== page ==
Anna McCallum

ABRS Postdoctoral Research Fellow

Anna McCallum
Anna McCallum
Image: David Paul
Source: Museum Victoria

Dr. Anna McCallum is interested in the biogeography, ecology and evolution of marine invertebrates, particularly decapod crustaceans.


Anna received her PhD in marine ecology in 2011 at the University of Melbourne and Museum Victoria. Her research described patterns of diversity along the continental margin and examined the importance of environmental and physical variables in shaping these patterns. This research was based on collections of decapod crustaceans from the continental margin of Western Australia.

In 2013, Anna was awarded the Australian Biological Resources Study (ABRS) Postdoctoral Fellowship to continue her research on squat lobsters in the deep, by investigating their evolution and describing the many new species which have recently been discovered in Australia’s oceans.

Current activities

Species discovery and evolution of deep-sea squat lobsters from the family Munididae (Crustacea: Anomura)

Our understanding of diversity patterns in the deep sea is impeded by the taxonomic effort of describing the large number of new species encountered. Squat lobsters (family Munididae) are a model organism for studying biodiversity in the deep, and are being used to build maps of seafloor fauna across the globe. Despite these efforts, the Australian fauna is incompletely described. This project will describe the Australian fauna including 25 new species, providing a powerful dataset for environmental managers of Australia’s deep waters. We will resolve the classification and phylogeny of this group to allow investigations of adaptation, biogeography and speciation.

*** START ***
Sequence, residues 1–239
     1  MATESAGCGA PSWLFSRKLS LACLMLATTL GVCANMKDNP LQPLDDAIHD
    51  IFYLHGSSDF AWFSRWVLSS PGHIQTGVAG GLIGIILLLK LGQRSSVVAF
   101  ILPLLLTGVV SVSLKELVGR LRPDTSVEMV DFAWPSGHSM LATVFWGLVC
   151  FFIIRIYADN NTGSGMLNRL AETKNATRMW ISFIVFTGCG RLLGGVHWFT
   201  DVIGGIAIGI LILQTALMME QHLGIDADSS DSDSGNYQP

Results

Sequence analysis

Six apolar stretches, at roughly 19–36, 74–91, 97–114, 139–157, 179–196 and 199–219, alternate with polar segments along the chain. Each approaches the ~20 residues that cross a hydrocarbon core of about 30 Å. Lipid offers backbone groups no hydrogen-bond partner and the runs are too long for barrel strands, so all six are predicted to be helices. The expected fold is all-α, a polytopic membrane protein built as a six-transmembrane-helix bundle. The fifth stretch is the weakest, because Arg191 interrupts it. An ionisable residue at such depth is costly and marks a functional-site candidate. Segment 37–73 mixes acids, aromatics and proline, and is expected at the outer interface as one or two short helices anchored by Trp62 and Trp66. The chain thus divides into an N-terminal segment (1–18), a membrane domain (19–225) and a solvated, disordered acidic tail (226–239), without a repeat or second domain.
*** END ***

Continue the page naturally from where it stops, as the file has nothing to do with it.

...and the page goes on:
Global deep-sea biodiversity mapping

This collaboration with Dr Tim O’Hara aims to produce a global map of deep sea biodiversity based on the distribution of squat lobsters. Maps of the world’s seafloor fauna are long overdue and the most recent biogeographic classification of the deep sea relies on environmental surrogates. The lack of maps defined by faunal data hinders marine management across nations' EEZs and the high seas. This project collates data for over 1000 species of squat lobsters (superfamilies Chirostyloidea and Galatheoidea) from museum collections, the literature and other databases. Species distribution models will then be combined to produce global assemblage composition maps. This project is funded by the Census of Marine Life COSMOS award and is a collaboration of taxonomists worldwide.

Diversity patterns of benthic infauna on the continental margin

The small animals that inhabit the sediment of the ocean floor have long been used by ecologists to study spatial patterns of marine biodiversity. Recent efforts by a team of specialist taxonomists at Museum Victoria have resulted in a dataset of over 600 species across more than 50 sites on the continental margin. Anna is analysing this data to investigate patterns of diversity in relation to energy availability and habitat.

National Environmental Research Program (NERP) Marine Biodiversity Hub

Anna is a member of the Marine Biodiversity Hub, which provides scientific information and advice to support decision making in the marine environment at a national scale. Museum Victoria is providing information on spatial patterns of marine biodiversity.


Last updated 16 June 2014